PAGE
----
For the majority of the year, I love the large window in my living room. It centers the space, my sill crammed with cookbooks and climbing pothos, while golden light reflects on my white walls. But from June to August, that westward-facing window becomes my worst nightmare as it filters and traps oppressive heat in my tiny apartment.
Most of America met Julia Child—who would have turned 106 today—in the 1960s.
At the time, my mother was a kid growing up in suburban New Jersey, skipping grammar school, climbing cherry trees, getting chased by her three-legged dog. My grandmother was working as a needlepoint designer and raising three children and, all the while, cooking dinner with Julia.
We’ve partnered with Ajinomoto Co. Inc. to bring you our latest contest—your best umami-rich recipe. Read on for all the savory, delicious details.
We’ve always felt that good things come in fives: lines in a limerick, points on a starfish, boroughs in New York City. And most importantly, the five basic tastes—sweetness, sourness, saltiness, bitterness, and umami.
Every so often, we scour the site for cool recipes from our community that we then test, photograph, and feature. This corny ketchup comes from longtime Food52er savorthis.
August is prime time for sweet corn, eaten on the cob, in salads and soups. But one thing we haven't done with corn is turn it into a smooth, creamy condiment that makes everything taste like summer. Until now.
My favorite summer get-together isn’t at the beach or by a pool. Heck, it doesn’t even involve people. Rather, I’m a sucker for when foods, specifically fish, get together with a smoky, hot grill—it’s a summertime match made in heaven. The grill gives your fish just the heat it deserves to get it tender, flaky, and with brilliantly crispy skin. A fish on the grill is truly a summer triumph.
But grilling fish can be daunting. What's the right kind? How and for how long should I cook it? What flavors go best with what type of fish? Where to begin?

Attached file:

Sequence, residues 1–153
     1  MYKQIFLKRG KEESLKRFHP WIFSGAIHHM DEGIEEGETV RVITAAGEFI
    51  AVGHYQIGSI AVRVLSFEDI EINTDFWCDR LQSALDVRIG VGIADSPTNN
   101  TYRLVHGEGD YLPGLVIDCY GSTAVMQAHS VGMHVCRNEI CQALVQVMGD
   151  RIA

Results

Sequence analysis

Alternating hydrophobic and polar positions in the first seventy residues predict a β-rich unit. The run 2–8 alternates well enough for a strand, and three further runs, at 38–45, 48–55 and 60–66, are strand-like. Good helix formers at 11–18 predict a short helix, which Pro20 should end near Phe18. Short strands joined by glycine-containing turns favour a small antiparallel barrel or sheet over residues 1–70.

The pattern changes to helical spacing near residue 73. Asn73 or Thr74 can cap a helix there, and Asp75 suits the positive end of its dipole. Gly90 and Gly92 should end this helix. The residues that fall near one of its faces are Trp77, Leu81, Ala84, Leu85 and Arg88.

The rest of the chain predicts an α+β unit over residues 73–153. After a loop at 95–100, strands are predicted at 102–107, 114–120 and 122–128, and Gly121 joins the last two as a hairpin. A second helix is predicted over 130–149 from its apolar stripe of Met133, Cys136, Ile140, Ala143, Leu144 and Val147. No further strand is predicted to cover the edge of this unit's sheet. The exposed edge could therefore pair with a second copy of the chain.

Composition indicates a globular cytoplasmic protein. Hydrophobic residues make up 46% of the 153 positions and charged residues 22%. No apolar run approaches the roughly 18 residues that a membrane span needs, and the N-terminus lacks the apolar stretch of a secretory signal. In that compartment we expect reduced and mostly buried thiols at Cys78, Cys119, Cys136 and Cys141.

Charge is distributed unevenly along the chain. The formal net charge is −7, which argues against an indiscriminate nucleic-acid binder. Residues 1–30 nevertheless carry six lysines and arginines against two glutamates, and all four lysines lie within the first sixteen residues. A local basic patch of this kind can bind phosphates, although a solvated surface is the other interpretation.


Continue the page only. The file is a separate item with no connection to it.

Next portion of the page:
A Big Little Recipe has the smallest-possible ingredient list and big, BIG everything else: flavor, ideas, holy-cow factor. Psst: We don't count water, salt, pepper, and certain fats (say, olive oil to dress greens or sauté onions), since we're guessing you have those covered. Today, we’re making a to-the-point dinner with weeknights in mind.
Since starting Big Little Recipes, we’ve taught you a lot of tricks to keep up your sleeve. Say, how to whip up your own BBQ sauce as easy as 1-2-3. Or turn cream into pudding with no eggs, no cornstarch, no gelatin. Or how to make any pasta feel like the only pasta in the world with a no-cook, 2-ingredient sauce.
As our train staggered into the last junction, a portly steward brought out a cart filled with trays of food. “Veg or non-veg?” he asked, wobbling his head from left to right. In India, this is a standard query at any restaurant or roadside stall. He repeated the question through his dark, bushy moustache, this time louder. The coach was engulfed by the smell of masala as the passenger with a bright blue turban uncovered the foil from his curry. He tore a piece of his roti and dipped it into a bit of mango pickle. Some version of this welcome always happens every time I visit my vibrant hometown of Amritsar, a city in the north Indian state of Punjab.
Amritsar is situated on of one Asia’s longest and oldest trade routes, the Grand Trunk Road, which was built during the Maurya Empire in 322-185 BCE and links South and Central Asia. The city is most famous for the Golden Temple, a holy site for the Sikh religion, the core tenet of which is seva (selfless service towards others).